To Big Brother: Yes, Lance is right, it was just a joke. We don’t plan on overthrowing the government. However I’d seriously consider Georgia’s secession.

    @smijer: I suppose the very wealthy can lobby (that’s what I meant by wine and dine) politicians but it is up to the politicians to scrutinize these lobbyists and determine if what they desire is in line with the Constitution AND to determine if the Constitution even gives the Congress the right to provide that desire. It’s all about delegated powers.

    You said “This is why the government has done so much lately to remove consumer, environtmental, and labor protections.”

    I’m not really with you there. There is now more government oversight and regulation of business than ever. Why, this past year alone Apple computer has undergone great pains to make their Macs and iPods “greener” for the sake of getting a good rating from the EPA. Labor protections? Do you mean unions? They are part of the problem and the liberals in Government often side with them. And don’t forget the ever-increasing minimum wage which increases companies’ costs and reduces their ability to maintain high employment and compete effectively (especially against foreign companies who have no such minimum wage forced upon them).

    Wealthy people in general don’t run the healthcare industry. Doctors, hospitals and drug companies do. And the prices are forced higher by government programs like Medicare and Medicaid which provide many people with coverage who don’t need it. Doctors, hospitals and drug companies have to service these folks at a greatly discounted rate (often zero dollars), but those costs have to be covered some how by some one….the costs are passed on to the rest of us. This is not to mention frivolous lawsuits which almost ALWAYS go in favor of the plaintiff thus requiring doctors to carry gobs of insurance to cover legal costs. Most often the plaintiffs in those cases are simply looking for a settlement.

    On the contrary, I have never had to choose between my house and meds–that’s a red herring. In fact I have never heard of anyone who has ever had to do so. My employer (one of the “evil rich”) provides me with and subsidizes an affordable and very sufficient health insurance policy as part of my benefits package in exchange for my labor. All without Uncle Sam even entering the picture. And my employer could do so even cheaper if not for the reasons mentioned in the previous paragraph.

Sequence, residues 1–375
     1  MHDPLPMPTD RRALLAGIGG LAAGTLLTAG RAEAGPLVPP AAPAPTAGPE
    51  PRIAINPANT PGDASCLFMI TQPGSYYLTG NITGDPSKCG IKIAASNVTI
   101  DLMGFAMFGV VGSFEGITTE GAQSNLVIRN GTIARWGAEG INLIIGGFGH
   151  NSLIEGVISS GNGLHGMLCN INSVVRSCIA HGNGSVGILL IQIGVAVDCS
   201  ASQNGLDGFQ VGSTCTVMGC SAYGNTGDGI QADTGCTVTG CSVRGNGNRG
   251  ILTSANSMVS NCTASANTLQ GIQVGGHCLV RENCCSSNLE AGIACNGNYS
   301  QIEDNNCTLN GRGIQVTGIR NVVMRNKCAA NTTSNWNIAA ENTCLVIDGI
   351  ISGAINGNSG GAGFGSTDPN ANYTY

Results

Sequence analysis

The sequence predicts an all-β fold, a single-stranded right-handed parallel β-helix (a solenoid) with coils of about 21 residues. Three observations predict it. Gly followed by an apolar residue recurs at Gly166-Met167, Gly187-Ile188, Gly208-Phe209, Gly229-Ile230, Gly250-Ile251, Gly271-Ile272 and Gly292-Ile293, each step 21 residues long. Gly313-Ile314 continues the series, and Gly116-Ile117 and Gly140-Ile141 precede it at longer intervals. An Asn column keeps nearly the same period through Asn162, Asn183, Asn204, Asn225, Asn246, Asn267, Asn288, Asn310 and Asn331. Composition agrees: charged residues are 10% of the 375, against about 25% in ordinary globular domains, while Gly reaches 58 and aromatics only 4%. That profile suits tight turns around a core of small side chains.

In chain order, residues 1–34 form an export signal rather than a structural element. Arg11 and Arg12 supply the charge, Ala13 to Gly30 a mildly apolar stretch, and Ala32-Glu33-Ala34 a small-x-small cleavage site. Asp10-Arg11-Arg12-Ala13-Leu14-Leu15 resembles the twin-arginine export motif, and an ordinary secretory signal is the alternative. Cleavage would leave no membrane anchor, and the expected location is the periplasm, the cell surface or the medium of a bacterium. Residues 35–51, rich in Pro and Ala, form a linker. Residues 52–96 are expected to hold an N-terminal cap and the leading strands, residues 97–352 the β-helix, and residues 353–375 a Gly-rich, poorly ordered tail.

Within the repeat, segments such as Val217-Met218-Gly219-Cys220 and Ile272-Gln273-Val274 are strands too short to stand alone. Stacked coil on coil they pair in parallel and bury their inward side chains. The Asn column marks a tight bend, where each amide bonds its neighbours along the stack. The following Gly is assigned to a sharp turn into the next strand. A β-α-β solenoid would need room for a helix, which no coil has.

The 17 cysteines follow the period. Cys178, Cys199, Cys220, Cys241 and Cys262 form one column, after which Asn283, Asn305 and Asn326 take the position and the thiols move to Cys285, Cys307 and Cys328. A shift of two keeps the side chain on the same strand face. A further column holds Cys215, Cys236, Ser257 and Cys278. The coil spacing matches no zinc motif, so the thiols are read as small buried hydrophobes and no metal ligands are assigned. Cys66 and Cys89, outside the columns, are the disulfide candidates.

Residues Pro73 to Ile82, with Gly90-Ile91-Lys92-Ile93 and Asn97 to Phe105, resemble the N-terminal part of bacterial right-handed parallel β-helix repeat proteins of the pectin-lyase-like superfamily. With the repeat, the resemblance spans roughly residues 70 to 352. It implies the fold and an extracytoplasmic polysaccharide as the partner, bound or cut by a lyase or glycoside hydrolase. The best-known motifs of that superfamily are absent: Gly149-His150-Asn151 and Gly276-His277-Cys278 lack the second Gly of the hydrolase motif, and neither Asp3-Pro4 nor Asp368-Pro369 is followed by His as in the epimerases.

Somehow, some way we have to realize that government is the problem not the solution. It never was the solution. As for economic growth and prosperity, capitalism is and always has been the answer. This is why America is as wealthy and strong as she is. Socialism, Communism and all forms of central planning will turn to despotism.

  5. January 9, 2009 at 8:08 am

    And smijer, as to “consumer protection” check out the business-crippling Federal Hazardous Substances Act. That is if you’re still reading this :). Unfortunately government regulation is alive and well.

  6. January 10, 2009 at 10:39 am

    The problem is, the rich have only as much power as our government gives them, and vice versa. The problem started with allowing special interests to subvert the Constitution as written. One group lobbies for a tax on another group, for special favor on a project they came up with and persuaded the government was necessary, etc. Reading Article 1 Section 8, it’s clear that Congress only has the ability to raise money in order to “provide for the common Defence and general Welfare” of the States. And by “general Welfare”, both James Madison and Thomas Jefferson stated that it was more specific than it sounded:

    Madison: “With respect to the two words ‘general welfare’, I have always regarded them as qualified by the detail of powers connected with them. To take them in a literal and unlimited sense would be a metamorphosis of the Constitution into a character which there is a host of proofs was not contemplated by its creators.”

    Jefferson: “Congress has not unlimited powers to provide for the general welfare, but only those specifically enumerated.”

    As Madison stated, elsewhere, “If Congress can do whatever in their discretion can be done by money, and will promote the General Welfare, the Government is no longer a limited one, possessing enumerated powers, but an indefinite one, subject to particular exceptions.” The power of government that was meant to be limited by the Constitution would be as open-ended as the government wanted. According to John Taylor in 1823, relying on notes by Constitutional Convention attendee Robert Yates, Alexander Hamilton, who pushed for the broadest use of that phrase, apparently left the Constitutional Convention in a huff because everyone else was insistent that the federal government be limited to specifically enumerated powers; otherwise, the power of local government was to be retained by the states.

    What do we do about it? Good question, and not an idle or rhetorical one. First we’ve got to take back the Republican party (which as an opposition party to the Democrats is paradoxically heir to Hamilton and the Federalists) in the name of the Constitution, starting with your own state. We’ve got to start campaigning for the restoration of states’ rights at every opportunity; our state is our country. If that fails, in coming years it may fall to our heirs to decide upon secession, a viable historical option.

    That’s my position right now, anyway.

  7. January 10, 2009 at 11:20 am

    It may not be clear from my comment what that “welfare” stuff had to do with the rich, since we generally use the term to mean assistance for the poor. But allowing the government to fund all kinds of things that large, deep-pocketed corporations want is often justified by the “General Welfare” clause. That and the “Necessary and Proper” clause, against which my arguments about the specifically enumerated powers also stand.